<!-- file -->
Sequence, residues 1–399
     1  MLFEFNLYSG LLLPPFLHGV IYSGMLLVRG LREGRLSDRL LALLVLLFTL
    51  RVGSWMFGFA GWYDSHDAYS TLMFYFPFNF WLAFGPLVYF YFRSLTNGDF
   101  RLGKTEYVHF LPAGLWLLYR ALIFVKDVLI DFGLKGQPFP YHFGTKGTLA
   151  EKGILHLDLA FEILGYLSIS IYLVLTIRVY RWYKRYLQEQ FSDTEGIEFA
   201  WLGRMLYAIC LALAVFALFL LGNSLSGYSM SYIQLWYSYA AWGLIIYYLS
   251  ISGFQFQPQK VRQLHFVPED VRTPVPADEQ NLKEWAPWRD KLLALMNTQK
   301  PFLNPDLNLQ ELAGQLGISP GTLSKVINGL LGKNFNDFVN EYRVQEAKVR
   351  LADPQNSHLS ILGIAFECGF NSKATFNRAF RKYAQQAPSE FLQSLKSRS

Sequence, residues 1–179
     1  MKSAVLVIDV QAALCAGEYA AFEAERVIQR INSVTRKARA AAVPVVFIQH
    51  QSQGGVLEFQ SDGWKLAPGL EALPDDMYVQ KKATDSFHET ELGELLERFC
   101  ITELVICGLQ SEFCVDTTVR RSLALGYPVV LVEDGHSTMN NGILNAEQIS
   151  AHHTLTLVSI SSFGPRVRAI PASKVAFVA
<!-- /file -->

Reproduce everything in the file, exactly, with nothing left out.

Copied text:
Sequence, residues 1–399
     1  MLFEFNLYSG LLLPPFLHGV IYSGMLLVRG LREGRLSDRL LALLVLLFTL
    51  RVGSWMFGFA GWYDSHDAYS TLMFYFPFNF WLAFGPLVYF YFRSLTNGDF
   101  RLGKTEYVHF LPAGLWLLYR ALIFVKDVLI DFGLKGQPFP YHFGTKGTLA
   151  EKGILHLDLA FEILGYLSIS IYLVLTIRVY RWYKRYLQEQ FSDTEGIEFA
   201  WLGRMLYAIC LALAVFALFL LGNSLSGYSM SYIQLWYSYA AWGLIIYYLS
   251  ISGFQFQPQK VRQLHFVPED VRTPVPADEQ NLKEWAPWRD KLLALMNTQK
   301  PFLNPDLNLQ ELAGQLGISP GTLSKVINGL LGKNFNDFVN EYRVQEAKVR
   351  LADPQNSHLS ILGIAFECGF NSKATFNRAF RKYAQQAPSE FLQSLKSRS

Sequence, residues 1–179
     1  MKSAVLVIDV QAALCAGEYA AFEAERVIQR INSVTRKARA AAVPVVFIQH
    51  QSQGGVLEFQ SDGWKLAPGL EALPDDMYVQ KKATDSFHET ELGELLERFC
   101  ITELVICGLQ SEFCVDTTVR RSLALGYPVV LVEDGHSTMN NGILNAEQIS
   151  AHHTLTLVSI SSFGPRVRAI PASKVAFVA